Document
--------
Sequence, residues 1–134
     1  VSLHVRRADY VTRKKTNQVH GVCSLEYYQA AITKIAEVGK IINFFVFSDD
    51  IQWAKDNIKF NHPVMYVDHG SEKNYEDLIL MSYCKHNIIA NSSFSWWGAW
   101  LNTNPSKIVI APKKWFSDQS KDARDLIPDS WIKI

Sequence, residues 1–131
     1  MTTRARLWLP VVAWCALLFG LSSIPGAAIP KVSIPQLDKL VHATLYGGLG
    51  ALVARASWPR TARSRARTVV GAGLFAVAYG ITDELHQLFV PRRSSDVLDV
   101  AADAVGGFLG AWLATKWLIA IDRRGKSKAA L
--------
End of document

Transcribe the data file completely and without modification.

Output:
Sequence, residues 1–134
     1  VSLHVRRADY VTRKKTNQVH GVCSLEYYQA AITKIAEVGK IINFFVFSDD
    51  IQWAKDNIKF NHPVMYVDHG SEKNYEDLIL MSYCKHNIIA NSSFSWWGAW
   101  LNTNPSKIVI APKKWFSDQS KDARDLIPDS WIKI

Sequence, residues 1–131
     1  MTTRARLWLP VVAWCALLFG LSSIPGAAIP KVSIPQLDKL VHATLYGGLG
    51  ALVARASWPR TARSRARTVV GAGLFAVAYG ITDELHQLFV PRRSSDVLDV
   101  AADAVGGFLG AWLATKWLIA IDRRGKSKAA L